Floral Beauty in the Garden

Tammy Marlar’s guide to creating exquisite flower images this spring
Flowers are blooming in our gardens and across the countryside, making this the perfect time to put your botanical photography skills into practice; Tammy Marlar shows you how to capture standout images.

Make the flower, such as this pink dahlia, the dominant subject. Flowers are beautiful and intricate, and our images should accentuate their allure and infinite detail as much as possible.
Canon EOS 5D MkIII with Canon EF 100mm f/2.8 L Macro IS USM lens, ISO 640, 1/200sec at f/5.6, handheld.
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Look for harmonious colours and storytelling details. With markings resembling eyes, a nose and a mouth, this seed head appears to be in conversation with the one next to it.
Canon EOS 5D MkIII with Canon EF 100mm f/2.8 L Macro IS USM lens, ISO 200, 1/200sec at f/3.2, handheld.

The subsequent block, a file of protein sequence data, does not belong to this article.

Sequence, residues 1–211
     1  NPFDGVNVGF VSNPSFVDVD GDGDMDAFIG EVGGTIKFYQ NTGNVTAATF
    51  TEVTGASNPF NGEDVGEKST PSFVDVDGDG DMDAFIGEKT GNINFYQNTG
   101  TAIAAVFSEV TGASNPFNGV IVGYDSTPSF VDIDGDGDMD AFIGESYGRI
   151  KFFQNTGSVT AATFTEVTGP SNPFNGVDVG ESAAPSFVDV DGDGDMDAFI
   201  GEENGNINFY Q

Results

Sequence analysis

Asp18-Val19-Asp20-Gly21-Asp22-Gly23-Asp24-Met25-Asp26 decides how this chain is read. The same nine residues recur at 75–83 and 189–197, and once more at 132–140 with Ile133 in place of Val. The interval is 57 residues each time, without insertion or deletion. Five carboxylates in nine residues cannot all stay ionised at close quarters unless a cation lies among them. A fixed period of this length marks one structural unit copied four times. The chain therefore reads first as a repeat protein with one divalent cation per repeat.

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Rather than trying to get the whole subject, such as this eryngium seed head, in focus, choose a good plane of focus on the best angle of the flower, while paying equal attention to what is in your background.
Canon EOS 5D MkIII with Canon EF 100mm f/2.8 L Macro IS USM lens, ISO 400, 1/200sec at f/4, handheld.
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Tell stories and elicit emotions where you can. I changed the orientation of this picture, as the seed head with the mass of flowing white seeds made me think of an American Indian chief, with his feathered headdress, on horseback.
Canon EOS 5D MkIII with Canon EF 100mm f/2.8 L Macro IS USM lens, ISO 400, 1/300sec at f/7.1, handheld.
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Pick as perfect a flower specimen as possible. Noticing blemishes and removing cobwebs before you shoot an image can save you hours of retouching.
Canon EOS 5D MkIII with Canon EF 24-70mm f/2.8 L II USM lens, ISO 400, 1/125sec at f/2.8, handheld.
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Floral Beauty in the Garden
more in Outdoor Photography – June 2017

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Speeding Up Your AutoFocus

How to set up advanced Canon EOS DSLR for every type of action photography.